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The "Numbers" Lesson is part of the full, Practical Guide to Python course featured in this preview video. Here's what you'd learn in this lesson:

Nina demonstrates the int, float, and complex number types. The Boolean values True and False cast to the int values 1 and 0.


Transcript from the "Numbers" Lesson

>> So, numbers in Python, these are all integers. And we can always verify that by calling type. There are also floats in Python so numbers that have decimal points Something that's a little tricky that might bite you. This is a valid float. You don't need to have a decimal point after.

You shouldn't really define your floats like this. It's kind of confusing. But if you see this in Python code, just know that's not a syntax error. And then there are also complex numbers. And these end with the character j I'm not a math person. I don't think I've ever used complex numbers in my Python code, but they're there if you need them.

Because like you saw earlier, these types are just objects under the hood. You can also declare them by calling the constructor for that built in type. So I can say, into five I can also pass in a string in here. Same thing for float if I pass in, let's say an integer into the float constructor will return a float back.

Generally you never want to do this in your code unless you are converting between types. But this is something that you might see. One example of converting between types as if you're using an old style string formatting. If you try to, for example, concatenate when we'll talk about strings a little bit later.

A string with a number you're going to get a type error that says you can only concatenate strings and not stings. So in this case, you can pass in the number five to the stir method. Again, with modern Python string formatting, you won't really ever need to do this, but could happen.

You can do all the standard mathematical operations that you might expect with Python numbers. You can add them up, and you can multiply them. You can divide them. Note that if you divide two integers, the type that you get back is going to be a float. If you want to do integer division, you need to use 2 slashes and that will get you an integer back.

You can also raise to the power. So let's say we have x equals 4 and y equals 3 we can say x to the power of 3 or x to the power of y. So everything that you might expect, and then you can also use parentheses to make sure that things happen in the order that you want.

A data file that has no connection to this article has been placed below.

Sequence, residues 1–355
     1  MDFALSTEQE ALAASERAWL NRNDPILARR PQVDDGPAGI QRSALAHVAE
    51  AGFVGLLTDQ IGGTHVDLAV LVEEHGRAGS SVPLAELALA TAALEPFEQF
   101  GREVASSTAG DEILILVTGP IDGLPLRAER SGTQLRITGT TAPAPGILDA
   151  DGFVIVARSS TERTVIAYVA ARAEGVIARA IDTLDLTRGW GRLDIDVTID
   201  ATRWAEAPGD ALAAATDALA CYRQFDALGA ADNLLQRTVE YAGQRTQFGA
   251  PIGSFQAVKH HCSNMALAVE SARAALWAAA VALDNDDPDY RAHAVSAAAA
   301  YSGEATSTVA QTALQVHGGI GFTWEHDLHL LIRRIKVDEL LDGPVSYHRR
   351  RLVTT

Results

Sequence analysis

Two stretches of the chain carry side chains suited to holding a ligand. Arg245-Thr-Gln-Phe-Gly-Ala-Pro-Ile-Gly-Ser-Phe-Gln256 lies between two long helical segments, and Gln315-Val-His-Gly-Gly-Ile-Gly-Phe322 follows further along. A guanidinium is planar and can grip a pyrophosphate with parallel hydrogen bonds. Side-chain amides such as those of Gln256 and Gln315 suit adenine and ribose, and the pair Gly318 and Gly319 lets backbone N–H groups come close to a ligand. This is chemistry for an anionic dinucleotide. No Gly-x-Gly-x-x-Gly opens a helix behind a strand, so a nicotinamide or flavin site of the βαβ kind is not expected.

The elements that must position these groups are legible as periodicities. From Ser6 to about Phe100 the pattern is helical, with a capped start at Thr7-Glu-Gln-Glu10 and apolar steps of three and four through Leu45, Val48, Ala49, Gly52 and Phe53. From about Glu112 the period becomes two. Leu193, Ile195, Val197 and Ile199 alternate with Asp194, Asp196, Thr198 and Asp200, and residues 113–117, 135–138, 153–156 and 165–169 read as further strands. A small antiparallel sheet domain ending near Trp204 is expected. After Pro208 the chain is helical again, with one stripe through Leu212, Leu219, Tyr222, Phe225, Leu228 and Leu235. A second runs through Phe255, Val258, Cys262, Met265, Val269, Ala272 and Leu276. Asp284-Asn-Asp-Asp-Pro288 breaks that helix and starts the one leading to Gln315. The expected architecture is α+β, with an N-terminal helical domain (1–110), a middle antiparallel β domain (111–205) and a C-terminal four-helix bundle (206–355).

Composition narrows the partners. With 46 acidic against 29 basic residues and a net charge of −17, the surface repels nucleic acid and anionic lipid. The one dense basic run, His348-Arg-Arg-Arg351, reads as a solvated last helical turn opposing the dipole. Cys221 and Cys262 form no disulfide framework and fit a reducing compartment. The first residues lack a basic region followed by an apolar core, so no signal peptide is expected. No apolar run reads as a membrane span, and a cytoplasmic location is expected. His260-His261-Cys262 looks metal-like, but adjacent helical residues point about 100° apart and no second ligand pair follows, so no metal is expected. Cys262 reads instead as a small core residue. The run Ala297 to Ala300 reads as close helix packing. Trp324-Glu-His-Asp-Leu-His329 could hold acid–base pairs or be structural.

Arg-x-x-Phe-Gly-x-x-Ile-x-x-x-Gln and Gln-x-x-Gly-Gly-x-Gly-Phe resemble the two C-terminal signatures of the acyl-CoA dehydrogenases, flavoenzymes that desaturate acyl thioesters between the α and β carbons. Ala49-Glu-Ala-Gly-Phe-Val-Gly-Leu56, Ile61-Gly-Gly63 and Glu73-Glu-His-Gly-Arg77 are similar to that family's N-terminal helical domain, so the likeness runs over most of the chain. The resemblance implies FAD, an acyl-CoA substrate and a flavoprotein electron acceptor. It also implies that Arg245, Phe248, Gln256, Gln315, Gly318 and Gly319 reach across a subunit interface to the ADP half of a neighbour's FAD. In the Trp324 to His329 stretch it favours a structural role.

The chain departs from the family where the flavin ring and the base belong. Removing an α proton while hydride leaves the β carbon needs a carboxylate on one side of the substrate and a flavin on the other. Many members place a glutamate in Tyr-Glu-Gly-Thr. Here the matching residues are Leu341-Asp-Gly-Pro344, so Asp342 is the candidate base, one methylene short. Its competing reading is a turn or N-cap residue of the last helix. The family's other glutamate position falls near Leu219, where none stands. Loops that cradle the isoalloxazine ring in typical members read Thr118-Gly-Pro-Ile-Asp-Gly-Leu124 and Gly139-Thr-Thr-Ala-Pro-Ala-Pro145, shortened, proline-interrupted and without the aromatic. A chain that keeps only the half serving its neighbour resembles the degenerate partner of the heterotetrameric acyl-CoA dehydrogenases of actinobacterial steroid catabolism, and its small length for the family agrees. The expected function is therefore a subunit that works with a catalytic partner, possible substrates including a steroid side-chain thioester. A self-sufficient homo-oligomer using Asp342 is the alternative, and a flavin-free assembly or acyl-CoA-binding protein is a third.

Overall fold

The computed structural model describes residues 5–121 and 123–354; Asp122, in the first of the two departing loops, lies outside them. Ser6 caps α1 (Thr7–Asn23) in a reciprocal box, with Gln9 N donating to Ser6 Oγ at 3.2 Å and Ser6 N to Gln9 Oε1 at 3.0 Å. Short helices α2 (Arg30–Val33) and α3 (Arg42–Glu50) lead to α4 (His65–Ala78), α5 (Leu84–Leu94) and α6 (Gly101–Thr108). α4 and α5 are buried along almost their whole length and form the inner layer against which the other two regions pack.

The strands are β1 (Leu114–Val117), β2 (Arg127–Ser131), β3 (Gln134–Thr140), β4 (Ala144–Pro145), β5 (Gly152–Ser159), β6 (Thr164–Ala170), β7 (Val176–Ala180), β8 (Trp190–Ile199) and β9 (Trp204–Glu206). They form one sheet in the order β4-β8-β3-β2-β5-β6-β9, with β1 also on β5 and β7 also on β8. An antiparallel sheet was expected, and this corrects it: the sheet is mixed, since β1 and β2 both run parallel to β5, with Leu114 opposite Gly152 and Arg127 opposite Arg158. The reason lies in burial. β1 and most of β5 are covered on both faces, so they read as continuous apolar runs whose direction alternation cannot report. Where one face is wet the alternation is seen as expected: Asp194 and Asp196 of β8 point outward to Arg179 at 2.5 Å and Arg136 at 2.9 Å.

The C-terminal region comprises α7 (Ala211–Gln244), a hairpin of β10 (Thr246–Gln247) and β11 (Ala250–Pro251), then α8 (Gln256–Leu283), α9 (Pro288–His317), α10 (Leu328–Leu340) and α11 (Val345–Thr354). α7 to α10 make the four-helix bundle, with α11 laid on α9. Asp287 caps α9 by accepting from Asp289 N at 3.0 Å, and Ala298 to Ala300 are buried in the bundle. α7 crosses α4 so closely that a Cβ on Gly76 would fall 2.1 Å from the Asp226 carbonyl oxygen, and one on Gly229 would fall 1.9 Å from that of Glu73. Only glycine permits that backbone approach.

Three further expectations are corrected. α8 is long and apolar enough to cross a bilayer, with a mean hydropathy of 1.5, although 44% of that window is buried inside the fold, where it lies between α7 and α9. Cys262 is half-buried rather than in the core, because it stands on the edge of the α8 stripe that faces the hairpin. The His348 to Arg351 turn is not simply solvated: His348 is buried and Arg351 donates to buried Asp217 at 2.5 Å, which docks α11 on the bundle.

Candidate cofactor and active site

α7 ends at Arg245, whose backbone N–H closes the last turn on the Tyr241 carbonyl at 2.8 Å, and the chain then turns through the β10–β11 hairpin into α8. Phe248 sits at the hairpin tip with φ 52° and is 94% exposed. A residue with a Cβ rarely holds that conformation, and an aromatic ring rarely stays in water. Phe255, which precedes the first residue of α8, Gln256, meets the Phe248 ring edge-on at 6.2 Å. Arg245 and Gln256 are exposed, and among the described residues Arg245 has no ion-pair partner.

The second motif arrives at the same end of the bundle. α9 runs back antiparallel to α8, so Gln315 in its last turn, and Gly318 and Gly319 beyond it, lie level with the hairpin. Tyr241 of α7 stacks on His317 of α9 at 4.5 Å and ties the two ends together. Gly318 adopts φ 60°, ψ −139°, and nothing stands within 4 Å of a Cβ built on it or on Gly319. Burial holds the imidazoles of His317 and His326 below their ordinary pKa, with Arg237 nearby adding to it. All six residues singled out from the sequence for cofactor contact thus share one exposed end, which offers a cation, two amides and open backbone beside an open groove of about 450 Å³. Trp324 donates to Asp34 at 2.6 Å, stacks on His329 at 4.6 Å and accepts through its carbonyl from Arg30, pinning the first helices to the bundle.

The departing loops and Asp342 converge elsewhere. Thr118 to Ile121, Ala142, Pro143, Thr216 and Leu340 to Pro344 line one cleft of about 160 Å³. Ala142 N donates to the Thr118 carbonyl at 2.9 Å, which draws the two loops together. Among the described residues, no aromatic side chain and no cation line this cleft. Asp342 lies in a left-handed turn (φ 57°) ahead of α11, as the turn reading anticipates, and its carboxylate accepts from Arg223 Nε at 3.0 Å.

And that is all valid Python code. Python has a few more built in methods that are useful for numbers. And you might hear me say built in methods, what does that mean? You saw earlier in our tour of a Python program that I had to import the request module.

Later on, we'll see how to import modules from the standard library. When I'm using these built ins, I don't need to import anything they're just available in Python. And the three helpful methods for math are a min and max or round. So for min you could pass in some values, And it will always return the smallest of them.

The same is true for Mac's except the opposite. This will return 10 thousand because it is the largest number in that list. You can also use round to round down decimals. Or round them up. There are built in Boolean types in Python just like we saw that none is a keyword.

In Python the Boolean types are defined with uppercase true and lowercase false. These are keywords. Something of note in Python that I've seen trip people up. Again in Python, everything is an object. These Boolean are objects and in fact, under the hood they are subclasses of integers. And that means that under the hood true has a value of one and false has a value of zero.

Don't do this Please, but because of that, you can actually add these together or do anything, but you could do to numbers, don't do this but Python fun fact.

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